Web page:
Pali Lehohla
Pali Lehohla

Maybe it’s time to embrace the concept of a circular economy

By Pali Lehohla Time of article published Dec 5, 2019

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JOHANNESBURG – The challenges of the Sustainable Development Goals (SDGs) unfold before us daily. One of its concepts has been circular economy.

The concept affirms the established scientific fact that matter cannot be created or destroyed. It can only change form. So matter is inexhaustible and thus contributes to challenging capitalist greed-driven accumulation and consumption.

A circular economy is one that recognises retention of energy.  

Last week I drove to Mafeteng, in Lesotho, my home in the Mountain Kingdom, to see family. What enriched me from the Lesotho visit ended up being something else entirely.

Mafeteng streets are litter-free.

About two decades ago, my sister saw men collecting scrap in the streets of Mafeteng and she would lament their plight. These men had been retrenched from the mines and the only livelihood they could make was to scavenge in the streets amid the dirt in order to make ends meet.  

In South Africa, and Gauteng in particular, scores of men and increasingly women scavenge dustbins and streets, cleaning every piece of plastic, paper or tin they can find. 

Without the notorious and marauding hordes of rent-seeking tenderpreneurs, our streets have become exceptionally clean, albeit through actions driven by despair.

Daily we witness people pulling loads of trash to recycling depots.  

It is borne out of tragedy, but it is delivering on SDGs. Mafeteng and Gauteng are 400km apart, and they have converged organically on how to deal with litter.

To drive from Pretoria to Mafeteng, one of the routes goes through Mangaung in the Free State Province.  

Driving through Mangaung is emotionally draining. It is dry, dusty, very dirty and upsetting.  

Upon entering Mangaung I saw a group of 10 boys with white cream on their faces. From the white powder on their face and blankets as well as the way they donned them, these were male Xhosa initiates.

After taking the Dewetsdorp off-ramp, I also saw a group of youngsters, some as young as 9-years old, laden with wet wood, freshly decimated from the trees. From the way they donned their blankets – they were Basotho initiates.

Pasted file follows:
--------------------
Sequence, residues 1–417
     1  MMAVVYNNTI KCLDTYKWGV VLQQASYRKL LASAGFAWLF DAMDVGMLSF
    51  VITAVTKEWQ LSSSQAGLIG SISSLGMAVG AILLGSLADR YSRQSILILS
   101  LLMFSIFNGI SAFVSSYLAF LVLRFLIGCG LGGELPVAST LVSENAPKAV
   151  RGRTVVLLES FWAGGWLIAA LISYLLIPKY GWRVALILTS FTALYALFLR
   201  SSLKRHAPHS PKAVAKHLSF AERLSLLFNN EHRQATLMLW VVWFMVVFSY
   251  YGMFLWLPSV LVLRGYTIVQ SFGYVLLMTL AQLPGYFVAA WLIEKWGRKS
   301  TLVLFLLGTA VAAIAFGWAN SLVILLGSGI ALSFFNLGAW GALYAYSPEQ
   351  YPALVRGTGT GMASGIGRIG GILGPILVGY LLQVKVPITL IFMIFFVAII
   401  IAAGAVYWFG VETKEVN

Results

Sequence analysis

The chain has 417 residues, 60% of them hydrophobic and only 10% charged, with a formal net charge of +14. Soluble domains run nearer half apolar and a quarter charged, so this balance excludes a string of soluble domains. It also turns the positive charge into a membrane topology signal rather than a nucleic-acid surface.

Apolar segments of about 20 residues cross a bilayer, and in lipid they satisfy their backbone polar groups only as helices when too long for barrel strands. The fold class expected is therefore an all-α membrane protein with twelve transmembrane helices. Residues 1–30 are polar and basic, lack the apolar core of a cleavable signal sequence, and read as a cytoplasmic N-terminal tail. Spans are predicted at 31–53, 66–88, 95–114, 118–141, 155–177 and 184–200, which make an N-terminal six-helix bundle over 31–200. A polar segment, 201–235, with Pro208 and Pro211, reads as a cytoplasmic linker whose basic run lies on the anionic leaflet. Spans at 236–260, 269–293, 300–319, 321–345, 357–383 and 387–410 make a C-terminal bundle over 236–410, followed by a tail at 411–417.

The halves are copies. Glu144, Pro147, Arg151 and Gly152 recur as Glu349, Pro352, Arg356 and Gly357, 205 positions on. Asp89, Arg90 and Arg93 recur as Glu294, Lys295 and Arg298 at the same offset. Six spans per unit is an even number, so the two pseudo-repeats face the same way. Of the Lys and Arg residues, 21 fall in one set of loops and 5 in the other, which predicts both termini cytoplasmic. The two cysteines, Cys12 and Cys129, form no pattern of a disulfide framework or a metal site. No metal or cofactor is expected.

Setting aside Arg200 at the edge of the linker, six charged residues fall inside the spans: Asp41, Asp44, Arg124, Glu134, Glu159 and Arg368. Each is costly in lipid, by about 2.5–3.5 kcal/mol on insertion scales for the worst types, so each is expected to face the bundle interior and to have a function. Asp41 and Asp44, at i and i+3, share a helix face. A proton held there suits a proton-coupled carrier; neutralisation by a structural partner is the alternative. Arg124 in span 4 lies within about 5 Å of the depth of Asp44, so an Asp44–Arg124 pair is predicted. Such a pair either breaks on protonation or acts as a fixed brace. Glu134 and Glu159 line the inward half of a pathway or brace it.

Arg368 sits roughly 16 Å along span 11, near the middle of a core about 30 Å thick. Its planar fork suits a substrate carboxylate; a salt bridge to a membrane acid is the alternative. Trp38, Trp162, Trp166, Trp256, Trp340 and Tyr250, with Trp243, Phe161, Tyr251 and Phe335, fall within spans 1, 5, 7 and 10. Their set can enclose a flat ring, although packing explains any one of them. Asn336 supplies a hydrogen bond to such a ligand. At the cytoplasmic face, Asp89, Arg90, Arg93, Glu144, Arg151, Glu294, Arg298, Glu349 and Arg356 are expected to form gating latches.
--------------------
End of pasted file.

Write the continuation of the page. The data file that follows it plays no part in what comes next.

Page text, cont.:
For heaven’s sake, it was not school holidays and these kids are being deprived of their future. How on Earth do we imagine that they can catch up with their peers and the likes of the Fourth Industrial Revolution or even survive it. 

This world of the future is not for the uneducated.

The kids I saw out of school were no doubt children that came from poor families. Few middle-class parents would allow their children to miss school to be trapped in this practice. 

Most legitimate initiation practices occur during the school holidays.

There is a major resurgence of this practice in Lesotho, and seeing it in Mangaung sent a chill up my spine. This culture is influenced by capitalist developments in South Africa.

As a young boy of four, you are expected to herd your father’s calves, goats and sheep.

By six, you graduate to go to school, but on alternating days. One day you herd livestock, the other you are in class. This continues up to when you are just about 14. 

With class repetition because of alternating days of participation in herding livestock, the boys are about halfway where they should be in terms of progression.  

At best, therefore, they are in standard two instead of standard five. They are now ready for circumcision after which they are off to the mines. The social contradictions of this resurgence is felt in the economy and gender-based violence.

Harold Wolpe, Martin Legassick and Ben Magubane provide a rich analysis of the deceptive ways of capital in that it dissolves the typical traditional ways that would disrupt capitalist production and preserve the trappings that produces and reproduces labour from the hidden hinterland. This they term the dissolution-conservation dichotomy.  

Mafeteng and Gauteng have the litter of plastic bottles, steel, paper and cans resolved.  

Mangaung is far from doing so. It appears the recycling bug that struck Lesotho towns two decades ago and Gauteng five years ago has yet to diffuse itself into Mangaung and point the way to how the very poor have decided to teach the rich how the circular economy can work.

What have these observations on my trip to do with IUSSP, a 17-hour flight away from the theatre of interest?

Perhaps a sense of guilt of failure to appreciate the enormity of the challenges faced by many by us the elite. Like going to church to recite Hail Mary, or seeing Prophet Lukau raising the dead, or Major 1 prophesying riches to the poor, politicians dishing out T-shirts before an election, the great dance and song and so on.

Something is terribly wrong in how we perceive problems, design strategies and implement them.  

The young men with their grease-filled skin and clothes, who perform an important function of cleaning our environment and bring the notion of a circular economy home, perhaps provide for us the key lessons.

Dr Pali Lehohla is the former Statistician-General of South Africa and a former head of Statistics South Africa.  


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